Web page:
The Answer Is No, It Is Not Admissible
Video Transcribed: Are lie detectors allowed in Oklahoma courts? I’m Tulsa attorney James Wirth, and that’s the question we have today. Polygraph tests, lie detector tests, are they admissible as evidence in courts in Oklahoma? And that’s really simple and the answer is no, it is not admissible.
They cannot be brought forward. If you’ve got some sort of machine or technology that says whether somebody is lying or telling the truth, that is taking away the job from the judge or the jury to determine who is telling the truth. And how is the jury supposed to evaluate the results of the polygraph and determine whether they’re reliable and accurate?
There’s not really much of a way to do that. And there’s no… The proof of the reliability of these things varies and is problematic. They’re not 100% reliable. They don’t work in all circumstances.
Some people have the ability to beat them or can learn to beat them. So it undermines the integrity of the fact-finding process because all you can do there if you’re presenting it in court is you would say, “Well, that’s said they lied.”
Well, how do we determine whether they’re one of the percentages that are accurate or the percentage that’s not accurate? There’s no way to determine the reliability of any particular one. It takes that decision-making away from the judge and the jury, and therefore they are never admissible in a court of law in the state of Oklahoma.
That said, they are still utilized in some places in the legal system in Oklahoma. So some investigators, law enforcement agencies do allow polygraph testing. And typically, they do it in cases where there are factual issues, he said, she said, and they do that in order to allow a defendant perhaps to come forward and show that there’s evidence that they’re telling the truth. And that may make a determination on whether they recommend prosecution to a prosecutor.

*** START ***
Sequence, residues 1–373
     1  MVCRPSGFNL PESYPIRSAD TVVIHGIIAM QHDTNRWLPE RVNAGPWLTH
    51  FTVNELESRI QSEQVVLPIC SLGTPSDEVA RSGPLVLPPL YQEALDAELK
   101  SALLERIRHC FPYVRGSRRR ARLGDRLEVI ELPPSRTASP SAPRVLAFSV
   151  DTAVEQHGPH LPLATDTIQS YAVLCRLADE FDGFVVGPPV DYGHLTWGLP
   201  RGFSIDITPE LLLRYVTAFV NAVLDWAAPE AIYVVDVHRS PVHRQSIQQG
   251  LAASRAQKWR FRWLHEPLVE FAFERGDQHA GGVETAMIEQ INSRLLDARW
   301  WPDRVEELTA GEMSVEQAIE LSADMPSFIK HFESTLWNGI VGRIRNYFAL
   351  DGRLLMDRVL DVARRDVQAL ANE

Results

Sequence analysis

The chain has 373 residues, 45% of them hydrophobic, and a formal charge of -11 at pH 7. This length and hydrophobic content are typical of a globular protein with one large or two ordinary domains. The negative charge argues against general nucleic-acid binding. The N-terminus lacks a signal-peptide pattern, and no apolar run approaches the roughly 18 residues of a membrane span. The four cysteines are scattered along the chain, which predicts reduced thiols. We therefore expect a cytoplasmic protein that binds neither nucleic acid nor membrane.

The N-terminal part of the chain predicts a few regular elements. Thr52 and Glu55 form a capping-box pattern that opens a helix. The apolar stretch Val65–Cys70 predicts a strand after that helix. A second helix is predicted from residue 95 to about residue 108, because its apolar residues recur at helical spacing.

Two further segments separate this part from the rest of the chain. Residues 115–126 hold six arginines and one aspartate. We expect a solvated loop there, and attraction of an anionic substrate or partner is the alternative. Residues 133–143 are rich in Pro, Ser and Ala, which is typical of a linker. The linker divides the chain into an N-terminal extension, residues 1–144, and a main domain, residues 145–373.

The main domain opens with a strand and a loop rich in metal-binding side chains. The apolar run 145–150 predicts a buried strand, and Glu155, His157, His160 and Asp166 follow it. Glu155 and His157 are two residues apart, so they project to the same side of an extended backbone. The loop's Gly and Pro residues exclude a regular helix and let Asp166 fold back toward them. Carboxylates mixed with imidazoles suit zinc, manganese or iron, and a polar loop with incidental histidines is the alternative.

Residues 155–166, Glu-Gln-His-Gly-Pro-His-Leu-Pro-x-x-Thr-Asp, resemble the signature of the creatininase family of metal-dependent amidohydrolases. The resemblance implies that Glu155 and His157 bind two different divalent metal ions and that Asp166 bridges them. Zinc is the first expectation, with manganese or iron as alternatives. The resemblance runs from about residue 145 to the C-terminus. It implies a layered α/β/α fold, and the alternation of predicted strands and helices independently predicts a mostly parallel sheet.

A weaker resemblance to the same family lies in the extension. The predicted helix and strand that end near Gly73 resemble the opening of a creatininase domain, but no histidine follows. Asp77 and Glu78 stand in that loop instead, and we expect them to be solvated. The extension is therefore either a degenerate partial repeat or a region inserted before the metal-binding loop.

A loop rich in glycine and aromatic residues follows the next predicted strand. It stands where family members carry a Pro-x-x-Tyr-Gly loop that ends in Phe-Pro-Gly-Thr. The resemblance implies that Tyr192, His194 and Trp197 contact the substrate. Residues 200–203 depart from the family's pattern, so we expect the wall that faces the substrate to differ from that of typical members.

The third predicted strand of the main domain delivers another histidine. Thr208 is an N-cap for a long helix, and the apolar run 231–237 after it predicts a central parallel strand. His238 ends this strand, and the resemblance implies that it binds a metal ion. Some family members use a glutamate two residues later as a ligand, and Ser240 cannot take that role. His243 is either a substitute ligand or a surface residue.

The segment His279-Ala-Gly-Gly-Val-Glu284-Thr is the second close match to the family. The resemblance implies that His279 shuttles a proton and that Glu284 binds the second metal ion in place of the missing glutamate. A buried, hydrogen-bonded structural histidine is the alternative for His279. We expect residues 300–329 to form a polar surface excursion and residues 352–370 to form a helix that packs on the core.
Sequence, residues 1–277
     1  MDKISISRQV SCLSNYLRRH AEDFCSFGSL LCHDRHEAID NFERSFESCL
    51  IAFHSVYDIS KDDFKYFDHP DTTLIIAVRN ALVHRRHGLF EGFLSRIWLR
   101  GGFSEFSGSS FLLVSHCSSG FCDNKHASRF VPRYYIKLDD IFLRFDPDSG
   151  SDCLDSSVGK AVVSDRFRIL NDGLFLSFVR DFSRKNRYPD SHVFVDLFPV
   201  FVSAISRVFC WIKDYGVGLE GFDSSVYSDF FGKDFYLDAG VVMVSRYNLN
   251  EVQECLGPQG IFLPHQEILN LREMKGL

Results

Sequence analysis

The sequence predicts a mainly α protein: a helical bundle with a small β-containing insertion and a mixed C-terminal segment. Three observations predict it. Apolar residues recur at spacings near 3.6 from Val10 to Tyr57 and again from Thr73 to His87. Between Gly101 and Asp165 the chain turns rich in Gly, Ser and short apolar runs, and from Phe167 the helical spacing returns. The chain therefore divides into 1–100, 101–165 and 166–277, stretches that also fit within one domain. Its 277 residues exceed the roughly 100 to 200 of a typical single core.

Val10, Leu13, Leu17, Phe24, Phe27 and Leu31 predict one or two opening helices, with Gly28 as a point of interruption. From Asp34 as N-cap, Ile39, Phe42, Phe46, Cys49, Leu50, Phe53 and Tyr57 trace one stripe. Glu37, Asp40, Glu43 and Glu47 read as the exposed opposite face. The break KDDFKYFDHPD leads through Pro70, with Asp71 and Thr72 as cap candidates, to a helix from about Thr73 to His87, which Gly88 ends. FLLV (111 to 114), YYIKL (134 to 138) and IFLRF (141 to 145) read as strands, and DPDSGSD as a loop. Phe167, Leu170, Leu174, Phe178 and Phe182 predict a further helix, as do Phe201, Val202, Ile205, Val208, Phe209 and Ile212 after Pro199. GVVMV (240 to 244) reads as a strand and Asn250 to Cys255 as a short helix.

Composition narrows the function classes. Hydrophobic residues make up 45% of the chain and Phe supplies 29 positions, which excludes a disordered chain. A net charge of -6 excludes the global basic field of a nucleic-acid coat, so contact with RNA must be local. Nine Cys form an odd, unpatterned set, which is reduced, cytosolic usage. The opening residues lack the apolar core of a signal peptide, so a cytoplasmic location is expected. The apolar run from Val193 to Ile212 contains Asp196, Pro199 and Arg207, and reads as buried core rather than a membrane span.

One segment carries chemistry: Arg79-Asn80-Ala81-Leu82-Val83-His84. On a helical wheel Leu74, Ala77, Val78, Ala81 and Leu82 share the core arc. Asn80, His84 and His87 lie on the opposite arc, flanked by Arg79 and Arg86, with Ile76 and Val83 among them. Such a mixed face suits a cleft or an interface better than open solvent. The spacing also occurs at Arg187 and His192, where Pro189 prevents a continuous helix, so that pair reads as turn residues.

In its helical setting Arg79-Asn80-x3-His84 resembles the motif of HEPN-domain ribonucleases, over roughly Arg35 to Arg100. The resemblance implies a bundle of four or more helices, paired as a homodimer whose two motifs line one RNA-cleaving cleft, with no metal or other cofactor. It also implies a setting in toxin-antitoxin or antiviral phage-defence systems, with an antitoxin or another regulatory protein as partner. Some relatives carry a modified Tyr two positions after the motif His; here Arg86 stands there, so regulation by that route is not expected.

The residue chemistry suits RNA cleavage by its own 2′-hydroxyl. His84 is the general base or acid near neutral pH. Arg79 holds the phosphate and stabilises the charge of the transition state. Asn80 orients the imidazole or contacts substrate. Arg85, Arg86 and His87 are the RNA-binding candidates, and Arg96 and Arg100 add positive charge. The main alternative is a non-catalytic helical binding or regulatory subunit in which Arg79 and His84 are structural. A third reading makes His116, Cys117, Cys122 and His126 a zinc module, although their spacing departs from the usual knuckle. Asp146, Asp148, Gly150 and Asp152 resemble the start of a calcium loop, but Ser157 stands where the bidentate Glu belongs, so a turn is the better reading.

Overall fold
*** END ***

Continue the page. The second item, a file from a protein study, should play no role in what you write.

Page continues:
That’s obviously a very risky thing to do, but I have in my cases that I’ve dealt with had that offer from law enforcement where they say, “Well, go get a polygraph test. Bring that back to us.” And that could make a determination on whether they decide to prosecute or not.
So they are utilized in that respect, sometimes the defendant and their attorney are the ones bringing it up. We see this most in child abuse cases, child molestation cases with a very serious offense. He said, she said, difficult to determine, and it can help the prosecutor or the investigators decide whether they’re going to close out a case or move it forward for prosecution.
If you’ve got questions about how those things may apply to your specific circumstances, have further questions about the admissibility of evidence in courts in Oklahoma, you’re going to want to talk to an attorney privately about that. You can schedule that by going to makelaweasy.com.